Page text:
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Joining the Marine [Park] Core!

Signs of the Times! Maintaining That Special Perspective

                              (Part 1)


Rabbi Hillel L. Yarmove  


When I was a young parent (Baruch Hashem, I’m a great-grandfather now!), I heard a presentation from a well-known educator of the day about how outside “experts” do not understand Orthodox Jewish children. The example employed by the speaker was a real-life story (or so he claimed) about a non-Jewish psychologist who held up an apple in front of a young “day school” student and asked him to identify it—whereupon, the boy retorted “Borei p’ri ha-eitz.”

Really? Perhaps, after all, this account is apocryphal. But that’s beside the point!

It is certainly clear to me that Chazal expected us to view the world from, let us say, a different vantage point than that maintained by the ambient secular society in which we find ourselves. Those of us who have just participated (on the eighth of Nissan) in the recent siyum on Mesichta Nazir can certainly attest to the very special spiritual motivations that lay behind a person’s wanting to undertake nazirus. But you don’t have to take upon yourself such a kabbalah. What you do need to do is to open your eyes to the underpinnings of glory that are unfolding before our very eyes with the advent of the spring season.

And you know what? You don’t even have to rely on the “magic” of spring to remind you of Hashem’s perpetual, all-abiding hashgachah. To back up this statement, I have attached three sets of pictures to my column this month.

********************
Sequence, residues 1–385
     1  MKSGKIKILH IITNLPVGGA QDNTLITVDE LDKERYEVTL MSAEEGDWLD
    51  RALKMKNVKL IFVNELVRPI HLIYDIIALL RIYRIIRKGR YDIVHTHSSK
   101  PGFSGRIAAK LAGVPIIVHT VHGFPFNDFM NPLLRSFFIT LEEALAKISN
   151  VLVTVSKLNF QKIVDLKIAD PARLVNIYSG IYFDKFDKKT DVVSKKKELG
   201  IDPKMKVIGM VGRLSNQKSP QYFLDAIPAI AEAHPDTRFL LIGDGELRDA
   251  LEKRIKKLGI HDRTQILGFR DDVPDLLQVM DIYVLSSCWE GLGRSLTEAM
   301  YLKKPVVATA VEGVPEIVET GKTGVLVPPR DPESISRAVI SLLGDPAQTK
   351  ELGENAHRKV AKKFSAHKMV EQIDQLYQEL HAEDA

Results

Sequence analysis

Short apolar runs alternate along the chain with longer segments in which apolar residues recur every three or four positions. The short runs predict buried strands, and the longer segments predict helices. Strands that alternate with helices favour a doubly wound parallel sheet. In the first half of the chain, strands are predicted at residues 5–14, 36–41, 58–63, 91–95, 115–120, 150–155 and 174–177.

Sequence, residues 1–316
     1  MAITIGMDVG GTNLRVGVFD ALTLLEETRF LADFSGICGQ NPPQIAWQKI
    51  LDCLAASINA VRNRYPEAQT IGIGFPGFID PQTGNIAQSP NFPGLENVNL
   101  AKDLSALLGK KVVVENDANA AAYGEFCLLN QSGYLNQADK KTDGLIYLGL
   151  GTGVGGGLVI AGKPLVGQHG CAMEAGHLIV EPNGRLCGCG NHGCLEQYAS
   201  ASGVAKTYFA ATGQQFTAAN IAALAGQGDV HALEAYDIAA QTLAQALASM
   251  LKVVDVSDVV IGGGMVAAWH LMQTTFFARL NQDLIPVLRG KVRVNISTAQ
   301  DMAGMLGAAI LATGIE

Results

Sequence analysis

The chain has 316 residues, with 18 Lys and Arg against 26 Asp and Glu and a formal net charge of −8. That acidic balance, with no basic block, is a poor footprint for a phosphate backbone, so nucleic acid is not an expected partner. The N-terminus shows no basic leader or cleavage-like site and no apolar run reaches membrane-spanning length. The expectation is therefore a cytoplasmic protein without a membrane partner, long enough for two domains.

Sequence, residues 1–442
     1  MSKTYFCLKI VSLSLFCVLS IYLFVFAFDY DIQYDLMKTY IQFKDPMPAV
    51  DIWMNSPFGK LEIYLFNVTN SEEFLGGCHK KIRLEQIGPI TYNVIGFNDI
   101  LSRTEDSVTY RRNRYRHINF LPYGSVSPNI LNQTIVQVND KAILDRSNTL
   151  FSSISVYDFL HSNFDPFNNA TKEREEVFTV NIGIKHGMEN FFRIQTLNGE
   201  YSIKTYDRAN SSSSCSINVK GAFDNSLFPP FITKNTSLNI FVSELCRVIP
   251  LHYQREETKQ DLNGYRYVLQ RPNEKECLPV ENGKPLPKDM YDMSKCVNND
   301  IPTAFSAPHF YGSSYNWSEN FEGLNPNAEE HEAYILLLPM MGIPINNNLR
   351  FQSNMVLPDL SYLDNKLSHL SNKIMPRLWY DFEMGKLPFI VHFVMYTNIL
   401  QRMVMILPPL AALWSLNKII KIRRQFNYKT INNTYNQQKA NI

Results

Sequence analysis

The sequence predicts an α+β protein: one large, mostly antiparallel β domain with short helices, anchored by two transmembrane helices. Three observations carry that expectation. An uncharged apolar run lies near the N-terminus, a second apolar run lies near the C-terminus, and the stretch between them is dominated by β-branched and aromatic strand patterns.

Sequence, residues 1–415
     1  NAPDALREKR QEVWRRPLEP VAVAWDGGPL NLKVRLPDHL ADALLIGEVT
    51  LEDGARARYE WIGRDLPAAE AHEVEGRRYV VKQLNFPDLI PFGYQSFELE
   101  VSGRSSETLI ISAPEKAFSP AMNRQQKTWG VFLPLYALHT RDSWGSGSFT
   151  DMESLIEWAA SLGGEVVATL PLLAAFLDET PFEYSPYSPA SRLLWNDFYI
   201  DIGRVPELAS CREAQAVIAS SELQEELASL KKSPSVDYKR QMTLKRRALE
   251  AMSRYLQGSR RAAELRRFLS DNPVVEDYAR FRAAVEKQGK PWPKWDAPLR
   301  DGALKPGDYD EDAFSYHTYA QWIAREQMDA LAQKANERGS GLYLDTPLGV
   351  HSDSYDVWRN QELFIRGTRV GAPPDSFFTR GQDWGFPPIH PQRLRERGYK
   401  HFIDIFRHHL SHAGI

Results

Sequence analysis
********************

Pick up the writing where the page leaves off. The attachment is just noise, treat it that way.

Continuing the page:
The first set focuses on a truck on Rechov Malchei Yisrael in Yerushalayim. When I first glanced at the vehicle, I as a Daf-Hayominik was struck by the name on the front of the truck: DAF. Never mind that the huge machine was produced by a Dutch manufacturing company of the same name. You can just imagine how awestruck I was!

The second set of photos was taken at night—again, in that area of Yerushalayim known as Geulah. Indeed, one of my relatives had pointed out to me the text that was printed below the Israeli license plate [sic]: “Roll With The ABISHTER!” Now I’m not saying that the texture of the language was necessarily the finest, but the aphorism’s insistence on staying loyal to the Omnipresent certainly resonated within me.

The third set was taken while at a traffic stop in Lakewood, here in the States. I was on my way to learn—and, all of a sudden I saw on the exterior of the trunk hood of a late-model Toyota Sedan the name of the outstanding Talmudic sage, RAVA. Well, actually, the model’s name is RAV4 (RAV, I am told, stands for Recreational Active Vehicle, or words to that effect; the number “4” refers to its being an all-wheel-drive automobile). I must have blinked several times before I realized that the Japanese designers were, in all probability, not thinking about either Rava or Abayye when they fashioned the car!

But I was! Who knows? Perhaps Japanese engineers were moved (unbeknownst to them) to choose this name (RAV4) which, when it was rendered as a name on the outside of this Toyota model, looked somewhat similar to the name of our great RAVA.

But I am not the least surprised. For when you live in a Torah-oriented universe you see signs of the Eibershter everywhere! >>>>>>>>>>>>>>>>>>>>>>>>>>>>>>>>>>>>>>>>>>>>>>>>>>>>>


{Questions or comments? Please send these to me at hillyarm@yeshivanet.com. Have an inspiring, kosher, happy Pesach, dear readers!}


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